Bulk tank milk samples can help you monitor the effectiveness of your pre-milking teat prep.
Since most environmental mastitis pathogens found in bulk milk generally do not come from infected mammary glands, but rather from the teat surface, it is reasoned that whatever environmental bacteria (coliforms and non-ag streps) not removed from teat surfaces during pre-milking teat prep will then end up in the bulk tank milk, points out Jeff Reneau, extension veterinarian at the University of Minnesota.
If the numbers of coliforms and non-ag strep bacteria on your bulk tank culture results are high, you are not getting teat surfaces clean enough, he adds.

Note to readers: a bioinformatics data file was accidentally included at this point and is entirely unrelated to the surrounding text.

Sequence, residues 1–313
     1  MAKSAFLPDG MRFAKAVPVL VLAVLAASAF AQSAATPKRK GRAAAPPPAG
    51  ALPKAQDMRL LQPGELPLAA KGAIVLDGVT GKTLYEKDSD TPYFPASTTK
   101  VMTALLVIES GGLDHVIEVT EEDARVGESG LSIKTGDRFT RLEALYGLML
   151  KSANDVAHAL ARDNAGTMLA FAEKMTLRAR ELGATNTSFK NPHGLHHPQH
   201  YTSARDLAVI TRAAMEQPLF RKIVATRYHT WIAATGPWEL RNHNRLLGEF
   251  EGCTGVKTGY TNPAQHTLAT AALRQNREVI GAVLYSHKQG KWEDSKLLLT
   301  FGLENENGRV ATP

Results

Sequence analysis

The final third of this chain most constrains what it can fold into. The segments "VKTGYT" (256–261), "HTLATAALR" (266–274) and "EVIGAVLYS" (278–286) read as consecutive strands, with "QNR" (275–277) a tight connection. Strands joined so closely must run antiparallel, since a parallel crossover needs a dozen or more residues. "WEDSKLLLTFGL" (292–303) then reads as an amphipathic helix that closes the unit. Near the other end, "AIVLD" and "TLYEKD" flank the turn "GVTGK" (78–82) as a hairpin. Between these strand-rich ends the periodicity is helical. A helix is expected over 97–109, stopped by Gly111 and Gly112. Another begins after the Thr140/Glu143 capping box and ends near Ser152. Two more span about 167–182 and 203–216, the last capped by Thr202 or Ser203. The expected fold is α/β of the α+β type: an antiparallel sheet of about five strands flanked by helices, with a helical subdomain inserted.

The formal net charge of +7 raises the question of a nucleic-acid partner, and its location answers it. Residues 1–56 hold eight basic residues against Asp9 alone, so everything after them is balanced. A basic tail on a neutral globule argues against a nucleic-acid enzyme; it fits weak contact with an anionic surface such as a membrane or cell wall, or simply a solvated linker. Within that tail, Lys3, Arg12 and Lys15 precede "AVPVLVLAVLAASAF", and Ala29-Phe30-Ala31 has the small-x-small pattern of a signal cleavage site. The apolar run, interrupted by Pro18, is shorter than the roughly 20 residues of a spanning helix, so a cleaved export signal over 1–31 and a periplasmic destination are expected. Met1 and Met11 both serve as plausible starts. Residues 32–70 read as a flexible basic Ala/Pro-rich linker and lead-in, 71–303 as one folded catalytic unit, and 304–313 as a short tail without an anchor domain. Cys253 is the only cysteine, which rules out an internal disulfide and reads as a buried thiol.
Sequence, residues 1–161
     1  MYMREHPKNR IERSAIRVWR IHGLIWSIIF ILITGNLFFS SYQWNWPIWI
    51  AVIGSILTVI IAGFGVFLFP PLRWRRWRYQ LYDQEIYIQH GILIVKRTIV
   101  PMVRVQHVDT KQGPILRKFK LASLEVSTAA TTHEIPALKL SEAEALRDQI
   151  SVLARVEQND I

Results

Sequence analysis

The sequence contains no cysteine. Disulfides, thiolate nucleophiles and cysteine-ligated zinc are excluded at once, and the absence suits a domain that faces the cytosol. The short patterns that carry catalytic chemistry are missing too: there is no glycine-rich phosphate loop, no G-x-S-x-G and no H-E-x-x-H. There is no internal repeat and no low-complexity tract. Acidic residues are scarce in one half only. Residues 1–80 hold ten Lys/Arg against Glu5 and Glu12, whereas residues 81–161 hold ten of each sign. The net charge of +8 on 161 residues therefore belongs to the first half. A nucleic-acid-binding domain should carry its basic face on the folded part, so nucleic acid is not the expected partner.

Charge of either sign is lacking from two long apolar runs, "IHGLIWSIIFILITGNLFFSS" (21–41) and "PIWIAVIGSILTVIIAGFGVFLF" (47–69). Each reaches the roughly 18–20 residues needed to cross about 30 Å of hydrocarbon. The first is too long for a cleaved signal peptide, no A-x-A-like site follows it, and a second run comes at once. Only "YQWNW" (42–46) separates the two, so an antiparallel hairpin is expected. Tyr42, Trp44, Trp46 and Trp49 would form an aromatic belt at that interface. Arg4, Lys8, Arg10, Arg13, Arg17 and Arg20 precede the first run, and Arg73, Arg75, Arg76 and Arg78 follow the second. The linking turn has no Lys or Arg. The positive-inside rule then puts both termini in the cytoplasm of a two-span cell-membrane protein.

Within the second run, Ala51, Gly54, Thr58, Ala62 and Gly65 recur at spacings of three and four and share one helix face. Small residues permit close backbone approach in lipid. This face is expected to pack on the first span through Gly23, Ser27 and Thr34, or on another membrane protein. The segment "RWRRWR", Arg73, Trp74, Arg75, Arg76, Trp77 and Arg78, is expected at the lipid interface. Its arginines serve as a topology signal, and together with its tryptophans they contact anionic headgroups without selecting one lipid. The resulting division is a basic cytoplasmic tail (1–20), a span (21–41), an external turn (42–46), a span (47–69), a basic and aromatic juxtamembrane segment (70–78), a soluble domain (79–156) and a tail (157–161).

Take-home message: There are normally many undesirable organisms in the cow’s every day environment, which can easily contaminate cow’s teats. Keeping cows clean and dry by attentive stall and alley management is needed. Research has repeatedly shown that the number of bacteria in bedding materials is positively correlated to the number of these bacteria on teat surfaces. Likewise, the greater numbers of bacteria on teat surfaces, the greater the risk of mastitis infections.
For more information, go to: http://www.extension.umn.edu/dairy, click on “Milk quality and mastitis,” and then click on “New! Quality Count$ 2012.”